|Authors||Hussain N, Chaghtai A, Herndon CD, Herson VC, Rosenkrantz TS, McKenna PH|
|Journal||Pediatrics Volume: 109 Issue: 3 Pages: 473-8|
|Publish Date||2002 Mar|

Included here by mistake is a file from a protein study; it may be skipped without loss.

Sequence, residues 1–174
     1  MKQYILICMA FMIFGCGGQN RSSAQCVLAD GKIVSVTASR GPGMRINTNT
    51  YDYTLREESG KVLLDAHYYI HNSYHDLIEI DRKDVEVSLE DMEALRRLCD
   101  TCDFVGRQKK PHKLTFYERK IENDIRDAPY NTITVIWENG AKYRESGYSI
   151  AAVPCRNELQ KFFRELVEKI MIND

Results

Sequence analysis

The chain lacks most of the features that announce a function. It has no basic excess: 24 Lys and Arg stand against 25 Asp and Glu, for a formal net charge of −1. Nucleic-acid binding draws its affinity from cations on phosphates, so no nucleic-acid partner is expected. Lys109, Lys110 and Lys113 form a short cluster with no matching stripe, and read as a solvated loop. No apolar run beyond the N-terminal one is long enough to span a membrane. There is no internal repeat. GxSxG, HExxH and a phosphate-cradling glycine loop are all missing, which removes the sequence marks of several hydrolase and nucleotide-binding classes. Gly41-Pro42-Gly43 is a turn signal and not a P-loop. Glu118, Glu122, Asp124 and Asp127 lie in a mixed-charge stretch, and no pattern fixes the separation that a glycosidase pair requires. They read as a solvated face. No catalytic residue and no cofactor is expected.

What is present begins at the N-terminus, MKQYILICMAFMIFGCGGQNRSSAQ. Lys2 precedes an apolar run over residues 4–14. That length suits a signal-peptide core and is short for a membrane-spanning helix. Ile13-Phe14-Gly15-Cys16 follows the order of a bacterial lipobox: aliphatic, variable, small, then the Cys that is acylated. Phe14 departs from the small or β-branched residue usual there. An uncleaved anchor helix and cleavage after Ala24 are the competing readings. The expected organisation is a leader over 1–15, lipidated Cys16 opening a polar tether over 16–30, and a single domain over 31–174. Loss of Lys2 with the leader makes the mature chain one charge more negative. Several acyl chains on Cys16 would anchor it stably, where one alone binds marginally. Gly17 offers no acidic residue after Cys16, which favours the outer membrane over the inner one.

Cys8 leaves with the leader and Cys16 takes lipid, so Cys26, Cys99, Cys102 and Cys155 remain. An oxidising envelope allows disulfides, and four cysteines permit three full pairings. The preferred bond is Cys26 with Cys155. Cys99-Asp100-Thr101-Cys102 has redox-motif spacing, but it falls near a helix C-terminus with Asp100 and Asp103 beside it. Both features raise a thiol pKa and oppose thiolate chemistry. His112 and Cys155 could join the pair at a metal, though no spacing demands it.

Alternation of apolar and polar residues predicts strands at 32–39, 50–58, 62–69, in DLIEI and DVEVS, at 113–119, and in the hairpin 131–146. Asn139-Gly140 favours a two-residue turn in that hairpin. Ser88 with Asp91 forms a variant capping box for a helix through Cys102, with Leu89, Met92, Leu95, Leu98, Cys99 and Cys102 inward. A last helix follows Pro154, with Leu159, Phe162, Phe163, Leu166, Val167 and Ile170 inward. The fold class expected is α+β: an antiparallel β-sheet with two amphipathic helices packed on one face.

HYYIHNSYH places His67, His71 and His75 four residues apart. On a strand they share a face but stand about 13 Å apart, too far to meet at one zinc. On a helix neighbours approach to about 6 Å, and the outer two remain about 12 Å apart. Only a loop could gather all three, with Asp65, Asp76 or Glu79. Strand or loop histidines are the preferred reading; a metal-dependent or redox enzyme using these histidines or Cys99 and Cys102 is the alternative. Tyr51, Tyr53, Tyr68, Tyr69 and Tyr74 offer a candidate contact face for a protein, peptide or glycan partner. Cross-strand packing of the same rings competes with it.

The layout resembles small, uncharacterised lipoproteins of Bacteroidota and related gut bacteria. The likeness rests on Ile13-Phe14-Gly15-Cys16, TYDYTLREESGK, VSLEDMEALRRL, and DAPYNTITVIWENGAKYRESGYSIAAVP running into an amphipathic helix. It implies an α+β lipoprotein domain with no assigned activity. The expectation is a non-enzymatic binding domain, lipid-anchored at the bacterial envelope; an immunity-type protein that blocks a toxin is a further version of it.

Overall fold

There has been a major increase in the incidence of hypospadias in infants in the 1990s, but the risk factors are not known. Although there are scattered reports in the literature regarding the association of low birth weight and hypospadias, this has not been systematically studied. The objective of this study was to determine the association between early gestation intrauterine growth and hypospadias.A retrospective review of 13 years of admissions to 2 tertiary care neonatal intensive care units (NICUs) in Connecticut (1987—2000) showed that 112 (1.66%) of 6746 male infants had any degree of hypospadias. Of these, 8 were part of a genetic syndrome and were excluded. A retrospective cohort analysis of these 6738 infants was performed. Infant growth parameters at birth (weight, head circumference, and length) were analyzed along with maternal risk factors known to be associated with changes in fetal growth, including maternal age, race, diagnosis of preeclampsia, gestational diabetes, and maternal use of alcohol or tobacco or substance abuse during pregnancy.The incidence of hypospadias in the NICU population increased 10-fold from 0.4% in 1987 to 4% in the first quarter of 2000. Hypospadias was significantly more common in infants who had uniformly poor intrauterine growth (<10th percentiles) in the various parameters measured: birth weight, length, or head circumference. There were no significant differences in maternal age or race, nor were there differences in the use of alcohol, tobacco, or street drugs by the mother. There were no differences between singletons and multiple-gestation births. However, the frequency of occurrence was significantly higher among first-born infants (1.9%) compared with all other infants (0.9%).The incidence of hypospadias in our NICU population has increased 10-fold during the 13-year period of study. There was a significant association of hypospadias with poor intrauterine growth. The growth restriction was probably of early gestational cause as there was proportionate involvement of somatic (weight and length) and brain growth (head circumference). The increasing frequency of hypospadias and its association with poor intrauterine growth originating in early gestation suggests that common environmental factor(s) that have an impact on both conditions may be involved.